3. If you do get the coverage and have a crash, the coverage will come in handy, but your insurance rates will go up by potentially 15-20%. Is the additional future cost worth the $3-4000 you would get out of a total?

My personal opinion is yes, its worth it for me, because my coll. coverage costs $70 a year and I have an '08. 4 years from now, I may change my mind, as the ACV goes down to a level that I don't think I'm really getting value out of the trade anymore.

So, basically you have to answer the question for yourself. Your agent/company may be able to help by providing the basis of their ACV determination, but in the long run, its your choice...do you value the tradeoff, or would you rather risk the large loss, in favor of saving dollars on the premium.

Best of luck with your decision.
 

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Discussion Starter #12
Most likely not. So focus now on the trade-off. You will be paying some amount ($130?) a year for the coverage. If you put that money in the bank, it will take a long time to make up the cost of the bike.
Christ, I wish I was only paying 130. Right now the collision benefit I've been quoted is $319 dollars, out of a total yearly premium of $992 dollars. Collision would be a pretty nice chunk of change removed from that yearly cost.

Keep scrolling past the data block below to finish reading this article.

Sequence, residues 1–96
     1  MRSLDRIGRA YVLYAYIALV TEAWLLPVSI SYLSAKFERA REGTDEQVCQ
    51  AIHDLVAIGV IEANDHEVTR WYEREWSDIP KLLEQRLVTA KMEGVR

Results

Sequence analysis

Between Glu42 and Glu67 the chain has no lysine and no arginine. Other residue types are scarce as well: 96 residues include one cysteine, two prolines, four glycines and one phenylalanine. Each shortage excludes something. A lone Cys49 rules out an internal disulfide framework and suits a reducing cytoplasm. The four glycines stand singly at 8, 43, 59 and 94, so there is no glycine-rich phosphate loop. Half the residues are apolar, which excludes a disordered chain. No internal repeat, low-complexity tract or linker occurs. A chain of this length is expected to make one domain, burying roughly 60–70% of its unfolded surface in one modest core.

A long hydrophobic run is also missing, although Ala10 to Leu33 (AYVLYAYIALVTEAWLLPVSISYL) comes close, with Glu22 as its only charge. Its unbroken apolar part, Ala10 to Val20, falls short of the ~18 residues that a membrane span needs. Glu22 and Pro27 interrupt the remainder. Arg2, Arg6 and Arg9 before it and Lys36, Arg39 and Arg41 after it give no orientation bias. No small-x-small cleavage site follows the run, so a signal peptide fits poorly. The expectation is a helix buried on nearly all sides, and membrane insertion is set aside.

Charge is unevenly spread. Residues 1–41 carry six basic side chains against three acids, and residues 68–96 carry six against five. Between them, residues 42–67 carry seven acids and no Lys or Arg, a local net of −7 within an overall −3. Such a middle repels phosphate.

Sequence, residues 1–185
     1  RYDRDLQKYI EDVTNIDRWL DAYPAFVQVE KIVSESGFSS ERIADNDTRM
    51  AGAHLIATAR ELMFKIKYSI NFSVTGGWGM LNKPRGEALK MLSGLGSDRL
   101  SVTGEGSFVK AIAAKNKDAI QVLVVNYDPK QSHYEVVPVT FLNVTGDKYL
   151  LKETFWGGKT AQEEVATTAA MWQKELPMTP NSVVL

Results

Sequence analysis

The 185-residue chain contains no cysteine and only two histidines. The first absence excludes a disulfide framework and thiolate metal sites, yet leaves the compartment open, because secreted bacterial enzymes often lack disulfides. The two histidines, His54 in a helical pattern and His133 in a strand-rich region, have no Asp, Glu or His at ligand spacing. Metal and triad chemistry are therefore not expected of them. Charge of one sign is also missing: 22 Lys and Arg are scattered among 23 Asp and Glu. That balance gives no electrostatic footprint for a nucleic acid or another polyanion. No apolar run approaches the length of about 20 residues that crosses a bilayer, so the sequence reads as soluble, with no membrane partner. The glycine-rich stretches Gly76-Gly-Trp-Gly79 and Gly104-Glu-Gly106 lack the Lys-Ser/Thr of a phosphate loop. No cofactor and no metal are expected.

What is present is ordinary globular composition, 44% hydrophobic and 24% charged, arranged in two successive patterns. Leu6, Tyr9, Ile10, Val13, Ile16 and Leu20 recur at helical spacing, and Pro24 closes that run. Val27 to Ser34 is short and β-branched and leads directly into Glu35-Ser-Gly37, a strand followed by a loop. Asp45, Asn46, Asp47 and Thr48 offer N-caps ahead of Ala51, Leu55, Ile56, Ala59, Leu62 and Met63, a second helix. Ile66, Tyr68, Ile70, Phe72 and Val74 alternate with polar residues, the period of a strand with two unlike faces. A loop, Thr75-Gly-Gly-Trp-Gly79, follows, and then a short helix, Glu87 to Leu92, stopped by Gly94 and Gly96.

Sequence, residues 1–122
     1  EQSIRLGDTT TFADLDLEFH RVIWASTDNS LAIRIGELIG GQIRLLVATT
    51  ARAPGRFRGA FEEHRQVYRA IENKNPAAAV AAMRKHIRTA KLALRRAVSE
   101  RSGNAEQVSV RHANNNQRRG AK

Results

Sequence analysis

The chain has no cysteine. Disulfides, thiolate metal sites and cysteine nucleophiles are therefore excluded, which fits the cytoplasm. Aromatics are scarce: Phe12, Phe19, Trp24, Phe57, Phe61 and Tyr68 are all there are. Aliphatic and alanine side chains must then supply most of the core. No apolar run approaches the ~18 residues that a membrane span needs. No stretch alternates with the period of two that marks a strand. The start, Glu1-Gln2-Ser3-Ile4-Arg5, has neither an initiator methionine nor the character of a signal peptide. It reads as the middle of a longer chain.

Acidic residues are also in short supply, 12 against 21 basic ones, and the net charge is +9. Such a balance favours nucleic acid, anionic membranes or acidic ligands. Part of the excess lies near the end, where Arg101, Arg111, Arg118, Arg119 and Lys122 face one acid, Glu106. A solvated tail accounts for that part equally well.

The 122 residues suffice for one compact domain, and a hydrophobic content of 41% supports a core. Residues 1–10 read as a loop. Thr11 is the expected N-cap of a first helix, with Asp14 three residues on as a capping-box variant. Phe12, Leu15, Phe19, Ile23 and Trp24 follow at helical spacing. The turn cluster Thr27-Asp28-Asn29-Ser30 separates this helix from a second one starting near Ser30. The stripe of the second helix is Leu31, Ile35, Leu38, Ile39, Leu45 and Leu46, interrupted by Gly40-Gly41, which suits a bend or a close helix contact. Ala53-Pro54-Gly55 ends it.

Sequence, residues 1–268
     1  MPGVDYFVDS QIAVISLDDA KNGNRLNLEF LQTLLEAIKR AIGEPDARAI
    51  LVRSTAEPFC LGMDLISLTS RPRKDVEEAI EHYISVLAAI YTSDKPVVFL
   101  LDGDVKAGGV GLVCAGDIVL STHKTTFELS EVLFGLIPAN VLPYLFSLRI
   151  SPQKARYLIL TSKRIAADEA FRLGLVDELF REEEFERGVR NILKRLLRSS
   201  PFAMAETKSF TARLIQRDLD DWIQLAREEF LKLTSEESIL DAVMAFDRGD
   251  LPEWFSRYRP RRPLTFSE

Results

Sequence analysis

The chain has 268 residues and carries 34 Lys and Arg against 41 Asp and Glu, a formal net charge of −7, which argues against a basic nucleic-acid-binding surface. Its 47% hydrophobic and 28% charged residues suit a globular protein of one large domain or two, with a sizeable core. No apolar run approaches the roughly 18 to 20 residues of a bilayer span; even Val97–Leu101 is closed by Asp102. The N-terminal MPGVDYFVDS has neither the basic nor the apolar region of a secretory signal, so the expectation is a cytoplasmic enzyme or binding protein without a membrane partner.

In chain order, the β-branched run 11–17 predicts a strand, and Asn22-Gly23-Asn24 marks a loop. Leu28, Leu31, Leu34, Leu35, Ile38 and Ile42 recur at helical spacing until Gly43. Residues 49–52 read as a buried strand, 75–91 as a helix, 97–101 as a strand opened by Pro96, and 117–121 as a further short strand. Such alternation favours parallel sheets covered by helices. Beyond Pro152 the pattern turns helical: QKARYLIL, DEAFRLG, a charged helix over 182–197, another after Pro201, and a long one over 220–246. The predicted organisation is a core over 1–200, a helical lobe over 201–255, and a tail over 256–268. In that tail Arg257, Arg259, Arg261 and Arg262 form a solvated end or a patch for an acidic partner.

So, I guess I'll have to call up the carriers again and see what they consider my bike's worth, and at what point do they consider it "totaled". A little more information might make the decision easier, I suspect.
 

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I just got a wee and have only 2 years riding experience and no training courses. This is my only insurance with Geico as State Farm was twice as expensive to add this bike even though i have 3 cars, bike and home with them.

I opted only for the following:
The details of the coverages and premiums for 2007 SUZUKI DL650K V-STROM are $126/year total:

Bodily Injury Liability(BI) 50/100 $47.00
Property Damage Liability(PD) 50M $17.00
Medical Payments(MED) REJ $.00
Underinsured Motorist(UIM) REJ $.00
Uninsured Motorist(UM) REJ $.00
Comprehensive(COMP) 250 $62.00
Collision(COLL) REJ $.00
Towing(TOW) REJ $.00

Collision would have cost me 374 for 500 deductible and 282 for 1000 deductible.